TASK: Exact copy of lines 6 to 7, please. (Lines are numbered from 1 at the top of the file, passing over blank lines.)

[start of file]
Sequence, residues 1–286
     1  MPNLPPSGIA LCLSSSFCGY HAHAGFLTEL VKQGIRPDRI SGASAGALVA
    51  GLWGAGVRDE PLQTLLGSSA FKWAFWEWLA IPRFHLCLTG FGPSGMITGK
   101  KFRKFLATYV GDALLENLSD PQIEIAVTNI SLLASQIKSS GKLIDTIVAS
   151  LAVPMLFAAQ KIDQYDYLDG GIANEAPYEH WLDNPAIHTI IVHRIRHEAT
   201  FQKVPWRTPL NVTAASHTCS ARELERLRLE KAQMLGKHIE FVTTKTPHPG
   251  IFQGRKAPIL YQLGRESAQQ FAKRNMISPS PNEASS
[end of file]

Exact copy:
   201  FQKVPWRTPL NVTAASHTCS ARELERLRLE KAQMLGKHIE FVTTKTPHPG
   251  IFQGRKAPIL YQLGRESAQQ FAKRNMISPS PNEASS